Cost cutting: no pain, all gain

Cost cutting: no pain, all gain

A preemptive approach to cost containment can make operations far more effective, not just leaner.

  • min read


Cost cutting: no pain, all gain

This article originally appeared in Forbes.

Wringing out corporate waste can be a liberating experience. Imagine looking back on cost-cutting efforts of the past five years and not having a single regret. The key is to regularly and aggressively hunt for “no regrets” initiatives that will make a company both leaner and more effective.

Many companies tend to make cuts in response to an economic downturn or a shift in the market, or because they are under pressure from investors to deliver gains within a quarter or two. At that point, it’s too late to take more constructive measures, which require time to identify, plan and implement.

By contrast, companies that generate an evergreen portfolio of no-regrets cost initiatives do three things:

1. They launch a cost program before it’s needed.

It typically takes 12 to 18 months to identify, prove and build out initiatives that come with no regrets. And because IT often underpins the best initiatives, it also takes time to build the appropriate systems.

A reasonable cadence involves assembling midlevel teams every one to two years and challenging them to identify potential initiatives. The options can then be analyzed and the best handful chosen for implementation. Similar to a capital planning process, with all the projects arrayed and discussed annually, the teams refresh their commitment to the cost initiatives each year. That helps the company develop a culture of continually scouting no-regrets moves.

2. They carefully analyze the impact on effectiveness.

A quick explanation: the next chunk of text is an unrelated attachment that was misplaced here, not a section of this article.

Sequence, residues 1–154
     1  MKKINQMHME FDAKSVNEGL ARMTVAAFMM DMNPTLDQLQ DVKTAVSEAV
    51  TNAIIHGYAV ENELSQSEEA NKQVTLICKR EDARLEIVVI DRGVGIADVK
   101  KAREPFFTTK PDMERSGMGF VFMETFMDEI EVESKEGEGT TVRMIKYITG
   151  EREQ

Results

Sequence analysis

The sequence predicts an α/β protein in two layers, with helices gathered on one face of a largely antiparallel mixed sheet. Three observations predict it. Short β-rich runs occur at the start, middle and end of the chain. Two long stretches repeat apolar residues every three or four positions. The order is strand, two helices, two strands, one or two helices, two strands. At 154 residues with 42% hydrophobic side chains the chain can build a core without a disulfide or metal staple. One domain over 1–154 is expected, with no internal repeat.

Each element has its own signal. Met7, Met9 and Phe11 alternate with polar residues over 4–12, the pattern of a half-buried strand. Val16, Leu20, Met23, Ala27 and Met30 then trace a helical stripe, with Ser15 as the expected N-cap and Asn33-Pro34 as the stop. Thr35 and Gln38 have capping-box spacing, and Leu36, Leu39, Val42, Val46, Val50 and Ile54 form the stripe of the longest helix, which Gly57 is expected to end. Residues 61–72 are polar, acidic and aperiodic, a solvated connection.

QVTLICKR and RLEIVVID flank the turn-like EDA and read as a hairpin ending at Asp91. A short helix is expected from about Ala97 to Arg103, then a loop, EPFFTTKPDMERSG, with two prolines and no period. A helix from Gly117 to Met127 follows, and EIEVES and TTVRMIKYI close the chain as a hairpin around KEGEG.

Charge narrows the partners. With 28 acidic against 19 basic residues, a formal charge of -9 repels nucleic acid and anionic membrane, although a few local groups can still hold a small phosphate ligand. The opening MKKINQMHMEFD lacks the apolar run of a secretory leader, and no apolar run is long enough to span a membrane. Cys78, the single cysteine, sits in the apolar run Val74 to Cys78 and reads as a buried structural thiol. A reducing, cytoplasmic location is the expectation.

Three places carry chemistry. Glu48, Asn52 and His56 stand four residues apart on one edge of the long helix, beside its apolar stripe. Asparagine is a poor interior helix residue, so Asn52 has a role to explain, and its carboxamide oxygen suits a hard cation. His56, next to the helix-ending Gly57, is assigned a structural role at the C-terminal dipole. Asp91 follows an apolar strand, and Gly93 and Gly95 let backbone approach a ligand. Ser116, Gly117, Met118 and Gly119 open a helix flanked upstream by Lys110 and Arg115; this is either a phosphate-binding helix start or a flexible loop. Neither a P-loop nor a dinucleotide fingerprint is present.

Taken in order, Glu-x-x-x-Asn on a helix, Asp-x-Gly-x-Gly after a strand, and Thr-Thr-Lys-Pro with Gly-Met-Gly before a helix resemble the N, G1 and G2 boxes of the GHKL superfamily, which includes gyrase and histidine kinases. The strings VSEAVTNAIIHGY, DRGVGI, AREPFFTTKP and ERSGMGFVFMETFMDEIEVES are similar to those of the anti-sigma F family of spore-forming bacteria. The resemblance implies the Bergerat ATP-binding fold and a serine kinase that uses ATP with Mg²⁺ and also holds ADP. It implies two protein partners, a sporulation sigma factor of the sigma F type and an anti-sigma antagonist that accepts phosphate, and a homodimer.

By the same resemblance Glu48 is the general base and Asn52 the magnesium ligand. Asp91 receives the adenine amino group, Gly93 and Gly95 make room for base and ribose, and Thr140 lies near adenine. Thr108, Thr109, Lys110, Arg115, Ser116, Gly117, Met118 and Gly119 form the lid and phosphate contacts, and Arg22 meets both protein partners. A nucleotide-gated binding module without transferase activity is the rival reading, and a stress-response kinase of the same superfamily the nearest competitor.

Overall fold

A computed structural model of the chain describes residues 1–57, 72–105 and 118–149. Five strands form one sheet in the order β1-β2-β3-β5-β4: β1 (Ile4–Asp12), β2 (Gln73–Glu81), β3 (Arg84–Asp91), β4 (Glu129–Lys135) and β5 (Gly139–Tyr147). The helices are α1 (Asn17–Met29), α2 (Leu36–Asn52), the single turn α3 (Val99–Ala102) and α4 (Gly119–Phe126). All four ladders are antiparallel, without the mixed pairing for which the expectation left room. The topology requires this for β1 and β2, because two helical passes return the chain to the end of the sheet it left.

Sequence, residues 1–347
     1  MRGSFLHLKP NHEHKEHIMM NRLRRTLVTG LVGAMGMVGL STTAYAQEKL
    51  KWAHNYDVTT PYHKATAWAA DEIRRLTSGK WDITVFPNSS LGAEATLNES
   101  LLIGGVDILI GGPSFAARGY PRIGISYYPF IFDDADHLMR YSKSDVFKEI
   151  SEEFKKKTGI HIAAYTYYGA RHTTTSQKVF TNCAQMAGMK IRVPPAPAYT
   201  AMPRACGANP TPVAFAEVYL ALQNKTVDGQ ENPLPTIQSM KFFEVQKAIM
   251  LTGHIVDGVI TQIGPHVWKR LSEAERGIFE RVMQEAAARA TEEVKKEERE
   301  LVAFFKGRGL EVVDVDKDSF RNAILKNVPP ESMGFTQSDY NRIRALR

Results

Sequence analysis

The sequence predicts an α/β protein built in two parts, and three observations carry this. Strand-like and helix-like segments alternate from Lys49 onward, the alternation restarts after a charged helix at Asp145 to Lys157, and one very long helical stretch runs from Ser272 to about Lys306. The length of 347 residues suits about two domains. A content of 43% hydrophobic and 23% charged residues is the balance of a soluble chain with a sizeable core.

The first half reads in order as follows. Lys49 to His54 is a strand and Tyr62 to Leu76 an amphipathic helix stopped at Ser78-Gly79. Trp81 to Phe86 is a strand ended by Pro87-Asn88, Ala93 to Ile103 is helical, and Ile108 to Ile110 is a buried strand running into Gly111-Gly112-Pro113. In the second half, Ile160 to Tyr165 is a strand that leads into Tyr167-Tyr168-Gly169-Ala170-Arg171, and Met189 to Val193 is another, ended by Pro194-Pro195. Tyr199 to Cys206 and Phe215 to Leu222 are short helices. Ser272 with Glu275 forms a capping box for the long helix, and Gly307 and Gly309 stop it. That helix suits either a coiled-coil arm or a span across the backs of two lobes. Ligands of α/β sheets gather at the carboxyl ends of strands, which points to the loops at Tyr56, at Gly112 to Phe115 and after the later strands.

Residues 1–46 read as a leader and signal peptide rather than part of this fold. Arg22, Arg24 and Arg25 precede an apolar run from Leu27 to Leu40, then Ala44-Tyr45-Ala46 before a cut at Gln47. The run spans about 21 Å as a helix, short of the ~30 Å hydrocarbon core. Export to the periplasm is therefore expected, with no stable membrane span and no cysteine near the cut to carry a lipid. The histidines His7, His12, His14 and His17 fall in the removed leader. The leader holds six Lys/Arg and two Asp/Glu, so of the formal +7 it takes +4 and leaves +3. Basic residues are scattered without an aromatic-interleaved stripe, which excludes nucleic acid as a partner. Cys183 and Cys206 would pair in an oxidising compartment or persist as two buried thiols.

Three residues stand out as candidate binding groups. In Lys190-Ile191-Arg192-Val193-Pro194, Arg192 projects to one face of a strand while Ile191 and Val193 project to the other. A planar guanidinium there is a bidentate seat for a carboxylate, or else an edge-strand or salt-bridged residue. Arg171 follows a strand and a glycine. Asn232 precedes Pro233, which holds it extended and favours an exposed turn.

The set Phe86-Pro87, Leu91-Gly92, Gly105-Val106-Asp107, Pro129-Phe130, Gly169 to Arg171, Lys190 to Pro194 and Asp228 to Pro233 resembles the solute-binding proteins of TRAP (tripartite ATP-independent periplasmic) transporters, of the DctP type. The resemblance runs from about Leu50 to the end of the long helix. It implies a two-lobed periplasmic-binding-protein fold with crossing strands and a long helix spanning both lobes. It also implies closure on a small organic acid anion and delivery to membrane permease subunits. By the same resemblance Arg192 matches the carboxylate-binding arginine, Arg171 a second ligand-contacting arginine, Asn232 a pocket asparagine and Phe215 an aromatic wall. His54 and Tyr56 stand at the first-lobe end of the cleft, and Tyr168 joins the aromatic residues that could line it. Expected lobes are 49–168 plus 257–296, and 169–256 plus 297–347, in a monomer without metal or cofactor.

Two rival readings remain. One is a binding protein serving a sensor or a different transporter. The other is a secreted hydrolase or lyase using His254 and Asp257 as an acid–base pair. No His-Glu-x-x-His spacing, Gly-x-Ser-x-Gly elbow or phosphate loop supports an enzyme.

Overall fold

Anyone can cut 10% of costs from a department, but to make intelligent cuts, executives need to understand which activities are critical to the health of the business and which are expendable. Companies that take this evergreen approach have found it useful to sort potential initiatives into three categories.

The first category, clear wins, will dramatically improve both efficiency and effectiveness. Consider a global beverage company that realized it could be smarter about its marketing spending: It harmonized point-of-sale materials like glassware and displays in taverns by brand worldwide and also consolidated sourcing and fulfillment. That not only reduced costs—the company is on track to cut 10% to 35% of its spending, depending on the subcategory—it also led to higher-quality materials and a more consistent visual identity across countries.

The impetus for clear wins often starts with the need to address a particular problem, rather than the desire to cut overall costs. Omnicare, a US pharmacy provider to long-term care facilities, some years ago wanted to regionalize and streamline its prescription order intake process. To do that, Omnicare needed to build an electronic workflow system that could digitize and automatically triage incoming orders from nurses. The new system proved more cost-efficient, balancing the workload across employees in different time zones, and allowed for faster, more accurate order entry and better customer service.